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Comice is the perfect pear for gift boxes, but the gift business has declined.
Courtesy Pear Bureau Northwest

Comice is sometimes referred to as the Queen of Pears, because of its superlative eating quality. “It probably has

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Reinventing Comice

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During the Pear Bureau Northwest’s annual meeting in Portland, Oregon, last summer, its regional managers proposed ideas on how to strengthen demand for Comice pears.

Tim Corkill, regional manager for the West and Southwest, suggested that

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Four leaders better than one

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Belgian horticulturist Tom Deckers discusses the pruning strategy for a four-leader system. Many pear-growing systems put too much energy into production of shoots, he said. In this system, fruit develops close to the leaders.
Geraldine Warner

A

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Focusing on tomorrow today

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Apple, pear, and walnut growers will have several opportunities this winter to learn how to take advantage of natural enemies in their orchards for controlling key pests.

Washington State University entomologist Dr. Vince Jones expects to

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How many pears can the market take?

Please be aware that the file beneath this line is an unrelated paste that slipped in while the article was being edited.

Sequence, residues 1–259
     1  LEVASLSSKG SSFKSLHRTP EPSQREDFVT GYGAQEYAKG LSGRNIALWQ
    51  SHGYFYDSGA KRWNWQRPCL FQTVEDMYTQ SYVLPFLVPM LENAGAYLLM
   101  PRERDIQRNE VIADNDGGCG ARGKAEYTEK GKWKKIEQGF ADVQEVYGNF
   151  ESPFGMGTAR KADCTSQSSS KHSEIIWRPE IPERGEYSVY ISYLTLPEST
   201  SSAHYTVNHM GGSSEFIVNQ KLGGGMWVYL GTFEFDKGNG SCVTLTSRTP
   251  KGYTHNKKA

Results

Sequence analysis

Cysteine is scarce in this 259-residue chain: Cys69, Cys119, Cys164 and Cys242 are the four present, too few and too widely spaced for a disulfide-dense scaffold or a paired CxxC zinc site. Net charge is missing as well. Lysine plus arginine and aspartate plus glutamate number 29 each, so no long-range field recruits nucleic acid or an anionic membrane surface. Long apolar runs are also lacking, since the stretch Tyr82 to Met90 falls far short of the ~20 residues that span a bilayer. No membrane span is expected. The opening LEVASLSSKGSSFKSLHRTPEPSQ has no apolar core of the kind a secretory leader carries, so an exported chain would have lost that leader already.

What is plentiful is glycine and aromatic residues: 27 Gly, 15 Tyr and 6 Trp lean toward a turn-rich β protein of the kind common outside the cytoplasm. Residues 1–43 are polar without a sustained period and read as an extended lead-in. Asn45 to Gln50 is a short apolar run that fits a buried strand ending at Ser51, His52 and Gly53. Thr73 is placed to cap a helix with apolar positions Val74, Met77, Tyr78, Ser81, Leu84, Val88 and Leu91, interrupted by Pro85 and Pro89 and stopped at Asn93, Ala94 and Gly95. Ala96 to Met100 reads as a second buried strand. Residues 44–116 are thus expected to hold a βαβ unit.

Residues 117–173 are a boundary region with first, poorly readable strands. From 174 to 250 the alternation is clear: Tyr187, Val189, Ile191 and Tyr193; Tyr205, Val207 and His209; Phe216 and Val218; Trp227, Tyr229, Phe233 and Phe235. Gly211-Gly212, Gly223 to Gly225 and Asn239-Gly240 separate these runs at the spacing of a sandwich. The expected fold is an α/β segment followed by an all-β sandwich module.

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Most fresh pears nowadays are still grown on old trees in long-established orchards.

But if, through research, the Pacific Northwest pear industry were able to start growing pears more efficiently in intensive orchards with trees on

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More late cherries coming

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A new tree-fruit acreage survey in Washington State shows a decline in all tree fruits except cherries over the past five years, and suggests that the state will be harvesting more late-season cherries in the

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Grow perfect Forelle pears on Tatura

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Forelle is an attractive, medium-size pear that requires special management and skill to grow it to perfection. The pears need sunlight to remain red throughout their development and obtain the red blush at harvest.
Bas van

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Varieties in the concept pear orchard